How will the current changes at the FDA affect the standard of evidence it uses for reviewing new drugs and other treatments? With input from two longtime observers of the biopharma industry and its U.S. regulator, this article covers a cross section of opinions regarding trends and proposals for improving the FDA review process. The goal was to have about a half dozen people, representing the range of stakeholders inside and outside of the industry, voice their opinions on current and proposed policies that promise to change the agency’s structure, its organization, and even its core mission of ensuring the safety and efficacy of the industry’s marketed products. Our sample is even smaller than planned, however, because it turns out this is not a subject that currently inspires public comment. Out of more than 30 logical candidates invited to participate, no industry figures chose to take part. Even the FDA turned down the request. Why? “We just have so many competing interests at this time,” said the contact person at the CDER Press Office.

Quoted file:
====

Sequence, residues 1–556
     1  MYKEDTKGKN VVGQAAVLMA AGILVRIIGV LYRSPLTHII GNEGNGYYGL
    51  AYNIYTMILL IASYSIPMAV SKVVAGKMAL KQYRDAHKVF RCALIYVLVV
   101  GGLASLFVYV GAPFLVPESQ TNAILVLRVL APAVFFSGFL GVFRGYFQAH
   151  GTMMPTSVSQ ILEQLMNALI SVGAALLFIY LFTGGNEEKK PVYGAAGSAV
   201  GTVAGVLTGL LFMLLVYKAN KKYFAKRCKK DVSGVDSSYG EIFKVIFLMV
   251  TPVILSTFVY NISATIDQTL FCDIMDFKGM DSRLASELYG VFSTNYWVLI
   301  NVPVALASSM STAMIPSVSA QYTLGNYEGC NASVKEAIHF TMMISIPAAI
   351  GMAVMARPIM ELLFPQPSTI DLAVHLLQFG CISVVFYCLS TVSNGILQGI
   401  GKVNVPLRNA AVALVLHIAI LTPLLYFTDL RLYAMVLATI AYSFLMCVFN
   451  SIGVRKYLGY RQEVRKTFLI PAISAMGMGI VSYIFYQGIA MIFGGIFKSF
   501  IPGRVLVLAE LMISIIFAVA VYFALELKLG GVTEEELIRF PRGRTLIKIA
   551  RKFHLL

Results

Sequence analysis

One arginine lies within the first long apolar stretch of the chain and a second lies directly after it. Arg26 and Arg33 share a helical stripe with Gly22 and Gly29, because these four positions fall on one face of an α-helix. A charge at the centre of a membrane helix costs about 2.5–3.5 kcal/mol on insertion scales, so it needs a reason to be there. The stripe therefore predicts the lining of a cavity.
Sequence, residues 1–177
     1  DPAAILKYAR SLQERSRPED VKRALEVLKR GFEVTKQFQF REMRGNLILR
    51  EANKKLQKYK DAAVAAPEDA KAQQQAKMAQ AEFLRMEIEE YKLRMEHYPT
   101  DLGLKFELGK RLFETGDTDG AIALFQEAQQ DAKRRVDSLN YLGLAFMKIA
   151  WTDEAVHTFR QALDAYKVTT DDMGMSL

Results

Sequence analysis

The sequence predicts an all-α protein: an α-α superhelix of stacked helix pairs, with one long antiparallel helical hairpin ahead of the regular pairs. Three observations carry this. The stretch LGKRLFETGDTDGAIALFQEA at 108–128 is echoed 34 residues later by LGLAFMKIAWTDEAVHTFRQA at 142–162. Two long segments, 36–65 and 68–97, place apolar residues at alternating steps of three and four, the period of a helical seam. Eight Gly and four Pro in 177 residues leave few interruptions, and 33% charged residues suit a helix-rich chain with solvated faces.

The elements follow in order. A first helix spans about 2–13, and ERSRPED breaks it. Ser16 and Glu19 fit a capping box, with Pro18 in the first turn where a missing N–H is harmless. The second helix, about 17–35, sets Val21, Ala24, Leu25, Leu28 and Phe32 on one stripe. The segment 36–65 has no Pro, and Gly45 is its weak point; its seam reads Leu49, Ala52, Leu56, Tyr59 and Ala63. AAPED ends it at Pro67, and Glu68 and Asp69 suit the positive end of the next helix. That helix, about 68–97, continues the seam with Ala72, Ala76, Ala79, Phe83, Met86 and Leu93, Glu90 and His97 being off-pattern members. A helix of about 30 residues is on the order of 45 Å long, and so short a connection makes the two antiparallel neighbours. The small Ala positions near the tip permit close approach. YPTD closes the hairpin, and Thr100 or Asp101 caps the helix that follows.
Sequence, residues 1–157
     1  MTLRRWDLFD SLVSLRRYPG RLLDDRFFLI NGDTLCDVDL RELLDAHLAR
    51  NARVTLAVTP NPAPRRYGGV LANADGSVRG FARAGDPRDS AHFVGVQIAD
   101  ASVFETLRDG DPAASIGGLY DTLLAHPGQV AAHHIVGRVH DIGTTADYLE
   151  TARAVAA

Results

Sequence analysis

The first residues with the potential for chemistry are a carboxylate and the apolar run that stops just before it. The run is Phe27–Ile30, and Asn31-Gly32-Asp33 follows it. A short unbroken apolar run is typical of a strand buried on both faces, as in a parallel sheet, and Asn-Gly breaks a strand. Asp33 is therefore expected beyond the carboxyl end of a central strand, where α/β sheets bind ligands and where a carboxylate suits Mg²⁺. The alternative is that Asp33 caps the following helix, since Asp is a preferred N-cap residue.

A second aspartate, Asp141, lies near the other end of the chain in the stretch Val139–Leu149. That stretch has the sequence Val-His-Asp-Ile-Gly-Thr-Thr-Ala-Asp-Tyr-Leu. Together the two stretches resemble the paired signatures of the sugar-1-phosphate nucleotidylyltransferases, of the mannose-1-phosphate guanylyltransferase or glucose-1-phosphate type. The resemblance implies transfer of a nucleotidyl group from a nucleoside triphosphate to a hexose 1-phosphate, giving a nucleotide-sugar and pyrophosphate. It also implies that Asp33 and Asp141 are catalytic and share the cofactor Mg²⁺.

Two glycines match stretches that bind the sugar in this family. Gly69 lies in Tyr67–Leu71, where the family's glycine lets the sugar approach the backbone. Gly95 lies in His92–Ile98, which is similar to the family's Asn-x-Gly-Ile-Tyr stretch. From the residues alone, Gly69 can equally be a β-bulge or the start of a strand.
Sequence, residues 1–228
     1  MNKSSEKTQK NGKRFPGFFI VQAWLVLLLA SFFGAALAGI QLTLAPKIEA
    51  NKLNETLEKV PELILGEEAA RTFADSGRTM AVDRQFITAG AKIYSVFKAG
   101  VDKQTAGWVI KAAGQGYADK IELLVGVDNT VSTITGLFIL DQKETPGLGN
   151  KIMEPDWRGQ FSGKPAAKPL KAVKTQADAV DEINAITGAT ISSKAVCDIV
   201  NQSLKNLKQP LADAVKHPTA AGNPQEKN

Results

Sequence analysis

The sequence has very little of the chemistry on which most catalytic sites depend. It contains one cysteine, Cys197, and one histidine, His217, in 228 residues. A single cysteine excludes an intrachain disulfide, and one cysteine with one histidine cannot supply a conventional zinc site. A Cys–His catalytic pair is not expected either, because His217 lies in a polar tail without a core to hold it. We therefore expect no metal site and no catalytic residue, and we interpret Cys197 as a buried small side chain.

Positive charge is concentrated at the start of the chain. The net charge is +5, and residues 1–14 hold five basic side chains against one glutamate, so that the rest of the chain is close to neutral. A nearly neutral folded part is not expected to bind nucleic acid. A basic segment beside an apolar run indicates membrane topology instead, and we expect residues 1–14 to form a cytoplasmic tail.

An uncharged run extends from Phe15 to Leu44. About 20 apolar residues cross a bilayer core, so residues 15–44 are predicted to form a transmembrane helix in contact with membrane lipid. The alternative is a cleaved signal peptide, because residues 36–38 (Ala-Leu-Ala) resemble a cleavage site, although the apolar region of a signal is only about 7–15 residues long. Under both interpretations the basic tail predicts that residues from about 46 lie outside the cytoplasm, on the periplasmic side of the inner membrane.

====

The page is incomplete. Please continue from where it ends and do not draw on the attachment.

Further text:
CAUGHT IN CROSSFIRE
The CDER press contact may have been referring only to a short-term rush of media queries, but “competing interests” also stands out as an apt phrase for current conditions at the agency and the wider conflict over so-called FDA reform. A white paper issued early in the Trump administration proposes narrowing FDA’s mission to drugs only and radically expediting approvals. Members of the administration have discussed ideas such as “de-emphasizing” Phase 3 trials and basing drug approvals mainly on safety rather than efficacy. Some in the administration seem to envision ultimately eliminating the agency’s approval authority and making it more like a clearinghouse for drug information. Outside government, patient advocacy groups and free-market think tanks such as the Manhattan Institute push for easier access to new treatments by “streamlining” FDA reviews largely through deregulatory measures.